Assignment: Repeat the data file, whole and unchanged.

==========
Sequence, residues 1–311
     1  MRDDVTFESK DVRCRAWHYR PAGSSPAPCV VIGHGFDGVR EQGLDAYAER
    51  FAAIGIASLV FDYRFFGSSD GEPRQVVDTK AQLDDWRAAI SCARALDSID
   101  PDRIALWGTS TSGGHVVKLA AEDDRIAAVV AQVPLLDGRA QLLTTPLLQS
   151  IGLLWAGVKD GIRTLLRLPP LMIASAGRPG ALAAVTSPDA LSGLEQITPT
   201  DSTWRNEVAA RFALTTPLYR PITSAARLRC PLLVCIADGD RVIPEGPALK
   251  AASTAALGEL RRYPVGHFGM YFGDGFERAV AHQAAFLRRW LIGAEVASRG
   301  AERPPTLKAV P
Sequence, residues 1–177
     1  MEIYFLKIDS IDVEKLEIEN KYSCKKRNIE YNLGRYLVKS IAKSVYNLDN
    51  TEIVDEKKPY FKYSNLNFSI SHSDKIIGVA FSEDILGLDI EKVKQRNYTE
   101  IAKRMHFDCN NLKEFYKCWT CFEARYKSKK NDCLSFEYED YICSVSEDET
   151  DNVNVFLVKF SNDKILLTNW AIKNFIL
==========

Sequence, residues 1–311
     1  MRDDVTFESK DVRCRAWHYR PAGSSPAPCV VIGHGFDGVR EQGLDAYAER
    51  FAAIGIASLV FDYRFFGSSD GEPRQVVDTK AQLDDWRAAI SCARALDSID
   101  PDRIALWGTS TSGGHVVKLA AEDDRIAAVV AQVPLLDGRA QLLTTPLLQS
   151  IGLLWAGVKD GIRTLLRLPP LMIASAGRPG ALAAVTSPDA LSGLEQITPT
   201  DSTWRNEVAA RFALTTPLYR PITSAARLRC PLLVCIADGD RVIPEGPALK
   251  AASTAALGEL RRYPVGHFGM YFGDGFERAV AHQAAFLRRW LIGAEVASRG
   301  AERPPTLKAV P
Sequence, residues 1–177
     1  MEIYFLKIDS IDVEKLEIEN KYSCKKRNIE YNLGRYLVKS IAKSVYNLDN
    51  TEIVDEKKPY FKYSNLNFSI SHSDKIIGVA FSEDILGLDI EKVKQRNYTE
   101  IAKRMHFDCN NLKEFYKCWT CFEARYKSKK NDCLSFEYED YICSVSEDET
   151  DNVNVFLVKF SNDKILLTNW AIKNFIL